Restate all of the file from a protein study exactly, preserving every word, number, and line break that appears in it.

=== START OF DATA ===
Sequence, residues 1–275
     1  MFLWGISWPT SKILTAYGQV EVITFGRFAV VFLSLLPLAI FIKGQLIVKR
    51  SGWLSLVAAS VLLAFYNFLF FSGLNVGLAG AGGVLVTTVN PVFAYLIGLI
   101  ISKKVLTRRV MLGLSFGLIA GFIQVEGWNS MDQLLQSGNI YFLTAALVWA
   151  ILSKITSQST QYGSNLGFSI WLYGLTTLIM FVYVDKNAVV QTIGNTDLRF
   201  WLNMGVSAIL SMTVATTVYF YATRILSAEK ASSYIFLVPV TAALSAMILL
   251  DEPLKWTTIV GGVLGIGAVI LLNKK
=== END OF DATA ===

Sequence, residues 1–275
     1  MFLWGISWPT SKILTAYGQV EVITFGRFAV VFLSLLPLAI FIKGQLIVKR
    51  SGWLSLVAAS VLLAFYNFLF FSGLNVGLAG AGGVLVTTVN PVFAYLIGLI
   101  ISKKVLTRRV MLGLSFGLIA GFIQVEGWNS MDQLLQSGNI YFLTAALVWA
   151  ILSKITSQST QYGSNLGFSI WLYGLTTLIM FVYVDKNAVV QTIGNTDLRF
   201  WLNMGVSAIL SMTVATTVYF YATRILSAEK ASSYIFLVPV TAALSAMILL
   251  DEPLKWTTIV GGVLGIGAVI LLNKK